What about you? Are you in a HCOLA trying to reach FI? If so, you can probably achieve desired results more from deliberate spending decisions than moving out of town, especially if you're in your higher earning years.

  • Can you grocery shop a bit smarter? Regional grocery stores are less expensive than the international section of supermarkets. Fresh ginger, bok choy, millet, and quinoa are pennies to the dollar at Patel Bros. and H&L Markets.
  • Produce and farmers markets offer discounted produce after a certain time period has elapsed.
  • Buying food as ingredients instead of prepared is a controllable expense. Oatmeal costs about $0.79/pound, yielding 16 servings. Add a half of banana for a quarter. Compare that to a package of instant oatmeal with 20 grams of added sugar at $0.50 per serving.
  • And in a land where neighbors keep up with the Joneses, you're more likely to score last year's furniture, fashions, toys, and recreation equipment at a bargain in a HCOLA. In fact, your neighbors will likely brag about how a perfectly good item is going to the curb. Last week I scored a set of dishes, glasses, and bowls for under $10 for my daughter's college house.
  • Like your tea in the morning? While coffee requires extra ‘work', the sheer act of boiling water and pouring it over a tea bag in your own recyclable cup is ridiculously easy and costs you pennies, literally. Also, add some hot water to a jar with oatmeal and maybe a few raisins. Cover it up and savor hot oatmeal at your desk with a short list of ingredients that you can pronounce.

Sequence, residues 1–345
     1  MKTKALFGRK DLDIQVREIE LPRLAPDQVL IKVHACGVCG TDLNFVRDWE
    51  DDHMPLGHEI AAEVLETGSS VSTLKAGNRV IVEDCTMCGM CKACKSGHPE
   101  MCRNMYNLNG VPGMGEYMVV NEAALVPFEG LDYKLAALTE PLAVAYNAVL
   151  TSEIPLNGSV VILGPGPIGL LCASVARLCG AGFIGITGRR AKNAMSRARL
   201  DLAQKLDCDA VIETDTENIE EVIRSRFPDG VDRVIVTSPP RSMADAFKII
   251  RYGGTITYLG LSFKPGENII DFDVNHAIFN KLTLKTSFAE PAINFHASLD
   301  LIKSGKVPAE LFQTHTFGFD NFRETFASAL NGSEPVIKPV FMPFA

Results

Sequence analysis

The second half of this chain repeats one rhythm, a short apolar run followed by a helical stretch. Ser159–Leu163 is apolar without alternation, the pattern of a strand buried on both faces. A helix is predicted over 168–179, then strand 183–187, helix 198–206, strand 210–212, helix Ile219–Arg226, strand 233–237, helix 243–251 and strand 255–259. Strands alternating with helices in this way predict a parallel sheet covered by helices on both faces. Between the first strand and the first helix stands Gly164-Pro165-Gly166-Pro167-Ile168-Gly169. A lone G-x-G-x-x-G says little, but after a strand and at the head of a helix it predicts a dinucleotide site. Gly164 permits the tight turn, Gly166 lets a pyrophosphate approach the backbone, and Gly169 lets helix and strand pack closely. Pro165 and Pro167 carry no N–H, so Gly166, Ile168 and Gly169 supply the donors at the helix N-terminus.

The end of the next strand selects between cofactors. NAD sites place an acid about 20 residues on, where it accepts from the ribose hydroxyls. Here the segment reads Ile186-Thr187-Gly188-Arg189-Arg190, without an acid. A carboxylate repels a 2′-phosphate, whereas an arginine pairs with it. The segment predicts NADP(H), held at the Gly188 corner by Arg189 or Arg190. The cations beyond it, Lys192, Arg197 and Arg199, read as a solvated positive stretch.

• Mind your investment expenses. While this may seem obvious, you’d be surprised how many high income people do not heed this.

Too often I hear my neighbors and co-workers complain about paying too much for “fill-in-the-blank” and not having enough money to retire as they fill their yards with toys, driveways with new cars, and pay for yearly “once-in-a-lifetime” vacations. At least some of us here in HCOL land buy discarded toys at yard sales or online, drive older cars, and gift our children with experiences to remember.

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6 thoughts on “Why Living In A High Cost Of Living Area Isn’t A Bad Thing”

  1. This is absolutely true for me. I plan to continue living in my HCOL area and building equity in my condo and continue to control my spending in order to save $$ to invest in stocks. When it is time for retirement and the higher salary is no longer an advantage, I will liquidate my assets and move to a LCOL area. I live in Victoria, British Columbia, Canada and there are lots of low cost of living areas within British Columbia, so I will not have to move far. In the meantime I will enjoy the big (little) city life in my downtown condo within walking distance to work.